• Year 3

    • Applied Social Psychology (30 credits) - Compulsory

      The module aims to explore the application of psychology to social problems in the areas of crime, conflict and violence, considering individual, group and social factors. It considers how individuals and groups become involved in, and perpetuate, these problematic behaviours, and considers the consequences for victims, government and justice responses, and approaches to prevention. The module aims to extend your understanding of social psychology through its application to social problems facing modern societies, and develop your aptitude for identifying pathways for social change through the understanding the psychological processes implicated in social problems.

    • Dissertation (30 credits) - Compulsory

      You will pursue independent study with a designated supervisor on a topic not offered in-depth among the normal range of modules. You will be expected to carry out an original investigation using a recognised psychology or cognitive science research method, and produce a dissertation based on that research. The title and methodology of this dissertation must be agreed with the supervisor in advance. Undertaking this module will enable you to develop your methodological and statistical knowledge acquired through previous research methods training. You will develop your competence in the production of coherent written reports which are clearly presented and which have an analytic and critical orientation. This module will also provide the opportunity for you to become competent and self-sufficient researchers.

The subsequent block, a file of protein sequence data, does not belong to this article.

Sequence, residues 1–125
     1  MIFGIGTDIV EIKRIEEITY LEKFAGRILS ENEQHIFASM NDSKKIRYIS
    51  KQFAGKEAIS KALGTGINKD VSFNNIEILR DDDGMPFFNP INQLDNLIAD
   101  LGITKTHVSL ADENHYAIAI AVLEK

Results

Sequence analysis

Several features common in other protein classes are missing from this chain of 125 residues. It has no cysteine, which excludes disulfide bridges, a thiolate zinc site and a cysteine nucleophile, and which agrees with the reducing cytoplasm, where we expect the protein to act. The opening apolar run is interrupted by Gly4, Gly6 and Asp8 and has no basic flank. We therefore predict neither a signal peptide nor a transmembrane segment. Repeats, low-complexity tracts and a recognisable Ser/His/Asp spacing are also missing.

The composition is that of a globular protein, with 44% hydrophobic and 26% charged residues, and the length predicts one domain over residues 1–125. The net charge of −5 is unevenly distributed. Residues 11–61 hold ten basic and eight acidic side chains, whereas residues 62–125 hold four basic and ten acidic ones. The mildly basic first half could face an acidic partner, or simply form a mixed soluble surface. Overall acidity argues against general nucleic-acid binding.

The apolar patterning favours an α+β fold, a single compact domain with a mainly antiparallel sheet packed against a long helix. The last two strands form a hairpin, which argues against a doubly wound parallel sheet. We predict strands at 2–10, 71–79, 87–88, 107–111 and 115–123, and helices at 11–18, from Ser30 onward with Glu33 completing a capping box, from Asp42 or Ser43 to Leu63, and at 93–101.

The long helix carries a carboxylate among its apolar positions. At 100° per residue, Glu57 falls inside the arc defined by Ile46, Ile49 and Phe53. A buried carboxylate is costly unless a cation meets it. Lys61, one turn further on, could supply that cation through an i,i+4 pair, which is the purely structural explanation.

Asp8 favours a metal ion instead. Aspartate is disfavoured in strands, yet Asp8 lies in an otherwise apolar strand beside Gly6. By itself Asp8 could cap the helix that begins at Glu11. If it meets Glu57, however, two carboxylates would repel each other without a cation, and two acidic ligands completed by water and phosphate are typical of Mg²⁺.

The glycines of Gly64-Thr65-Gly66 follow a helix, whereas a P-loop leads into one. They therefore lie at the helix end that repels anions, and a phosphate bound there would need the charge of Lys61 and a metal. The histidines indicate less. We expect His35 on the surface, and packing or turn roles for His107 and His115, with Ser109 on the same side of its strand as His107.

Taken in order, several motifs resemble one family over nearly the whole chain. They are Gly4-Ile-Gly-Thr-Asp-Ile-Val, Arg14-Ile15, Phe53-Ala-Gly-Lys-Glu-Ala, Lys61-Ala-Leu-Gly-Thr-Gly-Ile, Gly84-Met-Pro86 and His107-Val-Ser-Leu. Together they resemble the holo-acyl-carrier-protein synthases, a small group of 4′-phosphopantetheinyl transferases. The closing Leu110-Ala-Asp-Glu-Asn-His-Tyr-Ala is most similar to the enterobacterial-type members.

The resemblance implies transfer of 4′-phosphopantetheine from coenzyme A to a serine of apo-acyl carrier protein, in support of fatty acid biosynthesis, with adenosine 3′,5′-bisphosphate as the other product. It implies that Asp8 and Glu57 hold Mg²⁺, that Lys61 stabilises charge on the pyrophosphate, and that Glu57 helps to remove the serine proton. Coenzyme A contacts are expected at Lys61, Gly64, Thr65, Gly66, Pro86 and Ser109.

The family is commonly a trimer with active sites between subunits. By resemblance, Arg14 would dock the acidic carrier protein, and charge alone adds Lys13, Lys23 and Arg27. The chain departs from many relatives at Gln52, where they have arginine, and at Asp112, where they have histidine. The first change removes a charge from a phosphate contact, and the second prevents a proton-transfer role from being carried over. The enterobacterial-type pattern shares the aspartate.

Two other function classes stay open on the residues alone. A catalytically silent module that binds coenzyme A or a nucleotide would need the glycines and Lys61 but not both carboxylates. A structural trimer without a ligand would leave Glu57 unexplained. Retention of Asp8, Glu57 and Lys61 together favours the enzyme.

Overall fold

• Social Psychology and Individual Differences (30 credits) - Compulsory